The Onco Fertility Journal

EDITOR«SQ»S CORNER
Year
: 2019  |  Volume : 2  |  Issue : 1  |  Page : 1--2

Sexual health of breast cancer survivors


Nalini Mahajan 
 Department of Reproductive Medicine, Mother and Child Hospital, New Delhi, India

Correspondence Address:
Dr. Nalini Mahajan
Mother and Child Hospital, D-59 Defence Colony, New Delhi - 110 024
India




How to cite this article:
Mahajan N. Sexual health of breast cancer survivors.Onco Fertil J 2019;2:1-2


How to cite this URL:
Mahajan N. Sexual health of breast cancer survivors. Onco Fertil J [serial online] 2019 [cited 2019 Sep 22 ];2:1-2
Available from: http://www.tofjonline.org/text.asp?2019/2/1/1/261250


Full Text



In recent years, there has been a concerted effort to improve the quality of life of cancer survivors. Fertility issues are gaining prominence, and conception posttreatment is not discouraged. Preservation of fertility and pregnancy-associated breast cancer (BC) were reviewed in the first two issues of the journal while this issue includes a review on pregnancy after BC. Regrettably, there has been only a passing mention of the sexual health of BC survivors in these articles.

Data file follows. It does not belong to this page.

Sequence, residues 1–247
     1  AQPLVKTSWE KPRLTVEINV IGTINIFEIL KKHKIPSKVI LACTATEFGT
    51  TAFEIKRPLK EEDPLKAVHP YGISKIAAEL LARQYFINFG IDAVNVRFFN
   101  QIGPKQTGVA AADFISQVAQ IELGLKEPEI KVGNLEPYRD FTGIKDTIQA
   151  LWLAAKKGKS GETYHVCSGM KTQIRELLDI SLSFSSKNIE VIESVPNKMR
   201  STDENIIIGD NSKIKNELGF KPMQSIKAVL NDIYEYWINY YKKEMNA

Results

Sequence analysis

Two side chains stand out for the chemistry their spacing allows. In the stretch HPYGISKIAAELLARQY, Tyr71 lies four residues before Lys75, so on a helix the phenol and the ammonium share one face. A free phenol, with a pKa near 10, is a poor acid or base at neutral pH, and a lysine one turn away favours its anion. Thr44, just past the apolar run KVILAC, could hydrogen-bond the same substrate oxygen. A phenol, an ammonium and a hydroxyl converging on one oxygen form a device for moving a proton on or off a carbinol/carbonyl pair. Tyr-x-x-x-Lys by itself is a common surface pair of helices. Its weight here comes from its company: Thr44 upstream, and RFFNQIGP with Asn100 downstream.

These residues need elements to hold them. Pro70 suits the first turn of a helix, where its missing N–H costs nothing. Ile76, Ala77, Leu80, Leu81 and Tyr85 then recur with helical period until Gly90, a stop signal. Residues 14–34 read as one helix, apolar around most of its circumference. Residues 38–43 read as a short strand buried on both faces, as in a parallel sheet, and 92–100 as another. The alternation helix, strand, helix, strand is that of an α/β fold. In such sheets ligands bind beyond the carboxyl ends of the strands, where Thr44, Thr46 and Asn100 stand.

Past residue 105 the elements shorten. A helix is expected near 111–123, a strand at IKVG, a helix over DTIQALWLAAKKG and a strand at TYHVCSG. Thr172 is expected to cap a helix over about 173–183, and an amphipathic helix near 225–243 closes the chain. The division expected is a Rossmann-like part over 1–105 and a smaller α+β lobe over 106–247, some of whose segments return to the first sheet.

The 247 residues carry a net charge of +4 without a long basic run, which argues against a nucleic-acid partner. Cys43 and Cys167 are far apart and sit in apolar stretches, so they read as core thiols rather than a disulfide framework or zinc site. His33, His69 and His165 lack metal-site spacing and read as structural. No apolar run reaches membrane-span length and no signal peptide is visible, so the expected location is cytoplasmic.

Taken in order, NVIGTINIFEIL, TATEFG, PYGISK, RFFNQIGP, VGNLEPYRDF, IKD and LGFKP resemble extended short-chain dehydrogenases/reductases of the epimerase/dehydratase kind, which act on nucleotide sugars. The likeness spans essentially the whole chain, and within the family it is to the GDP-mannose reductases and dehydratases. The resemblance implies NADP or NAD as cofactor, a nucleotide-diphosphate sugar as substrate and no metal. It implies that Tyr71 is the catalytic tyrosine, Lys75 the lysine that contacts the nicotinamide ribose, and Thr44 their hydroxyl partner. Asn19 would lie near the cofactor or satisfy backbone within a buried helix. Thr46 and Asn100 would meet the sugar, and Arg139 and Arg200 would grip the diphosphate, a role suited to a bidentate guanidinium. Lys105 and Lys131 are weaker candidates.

Sexual and psychological health, a very important aspect of life quality in cancer survivors, is often overlooked by health-care specialists.[1] BC diagnosis in itself provokes an intense emotional reaction, fear related to the terminal nature of the disease, and anxiety over the multiple side effects of treatment. The rising number of cancer survivors globally makes it mandatory that in addition to curative therapy, we look after their emotional needs, to ensure that they are well adjusted in society.